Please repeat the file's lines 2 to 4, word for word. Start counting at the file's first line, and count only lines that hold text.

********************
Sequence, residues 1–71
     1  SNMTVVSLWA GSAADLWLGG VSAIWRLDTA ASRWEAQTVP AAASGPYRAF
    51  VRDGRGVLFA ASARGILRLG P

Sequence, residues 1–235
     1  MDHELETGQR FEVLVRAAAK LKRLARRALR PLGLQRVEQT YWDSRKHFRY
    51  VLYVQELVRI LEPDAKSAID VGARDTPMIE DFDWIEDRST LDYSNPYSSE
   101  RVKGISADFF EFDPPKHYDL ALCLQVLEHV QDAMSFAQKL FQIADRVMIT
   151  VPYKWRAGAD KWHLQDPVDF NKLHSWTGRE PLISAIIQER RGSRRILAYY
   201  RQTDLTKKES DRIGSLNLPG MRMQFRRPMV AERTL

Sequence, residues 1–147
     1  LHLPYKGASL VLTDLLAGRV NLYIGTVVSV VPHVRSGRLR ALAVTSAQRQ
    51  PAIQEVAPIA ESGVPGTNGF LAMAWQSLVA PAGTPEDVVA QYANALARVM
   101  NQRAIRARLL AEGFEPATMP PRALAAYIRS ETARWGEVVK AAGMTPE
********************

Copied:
     1  SNMTVVSLWA GSAADLWLGG VSAIWRLDTA ASRWEAQTVP AAASGPYRAF
    51  VRDGRGVLFA ASARGILRLG P

Sequence, residues 1–235